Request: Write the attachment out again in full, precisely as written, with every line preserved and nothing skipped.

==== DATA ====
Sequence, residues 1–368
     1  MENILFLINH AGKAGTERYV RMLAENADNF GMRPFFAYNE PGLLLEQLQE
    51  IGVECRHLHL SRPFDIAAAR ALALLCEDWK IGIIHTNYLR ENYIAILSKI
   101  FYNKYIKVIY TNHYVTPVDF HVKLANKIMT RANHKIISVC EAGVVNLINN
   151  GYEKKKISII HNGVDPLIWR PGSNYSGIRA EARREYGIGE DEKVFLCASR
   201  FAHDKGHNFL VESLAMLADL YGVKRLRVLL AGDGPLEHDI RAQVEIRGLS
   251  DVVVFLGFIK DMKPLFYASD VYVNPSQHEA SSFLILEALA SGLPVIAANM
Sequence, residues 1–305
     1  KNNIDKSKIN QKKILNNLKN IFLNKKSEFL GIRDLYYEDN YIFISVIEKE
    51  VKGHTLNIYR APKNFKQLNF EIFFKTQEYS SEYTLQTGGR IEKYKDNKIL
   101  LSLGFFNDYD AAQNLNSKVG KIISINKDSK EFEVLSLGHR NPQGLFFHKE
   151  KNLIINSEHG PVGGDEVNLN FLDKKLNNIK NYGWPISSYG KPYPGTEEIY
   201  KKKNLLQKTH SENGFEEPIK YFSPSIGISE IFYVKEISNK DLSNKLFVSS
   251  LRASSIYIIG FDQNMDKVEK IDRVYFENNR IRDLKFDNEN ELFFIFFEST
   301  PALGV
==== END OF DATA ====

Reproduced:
Sequence, residues 1–368
     1  MENILFLINH AGKAGTERYV RMLAENADNF GMRPFFAYNE PGLLLEQLQE
    51  IGVECRHLHL SRPFDIAAAR ALALLCEDWK IGIIHTNYLR ENYIAILSKI
   101  FYNKYIKVIY TNHYVTPVDF HVKLANKIMT RANHKIISVC EAGVVNLINN
   151  GYEKKKISII HNGVDPLIWR PGSNYSGIRA EARREYGIGE DEKVFLCASR
   201  FAHDKGHNFL VESLAMLADL YGVKRLRVLL AGDGPLEHDI RAQVEIRGLS
   251  DVVVFLGFIK DMKPLFYASD VYVNPSQHEA SSFLILEALA SGLPVIAANM
Sequence, residues 1–305
     1  KNNIDKSKIN QKKILNNLKN IFLNKKSEFL GIRDLYYEDN YIFISVIEKE
    51  VKGHTLNIYR APKNFKQLNF EIFFKTQEYS SEYTLQTGGR IEKYKDNKIL
   101  LSLGFFNDYD AAQNLNSKVG KIISINKDSK EFEVLSLGHR NPQGLFFHKE
   151  KNLIINSEHG PVGGDEVNLN FLDKKLNNIK NYGWPISSYG KPYPGTEEIY
   201  KKKNLLQKTH SENGFEEPIK YFSPSIGISE IFYVKEISNK DLSNKLFVSS
   251  LRASSIYIIG FDQNMDKVEK IDRVYFENNR IRDLKFDNEN ELFFIFFEST
   301  PALGV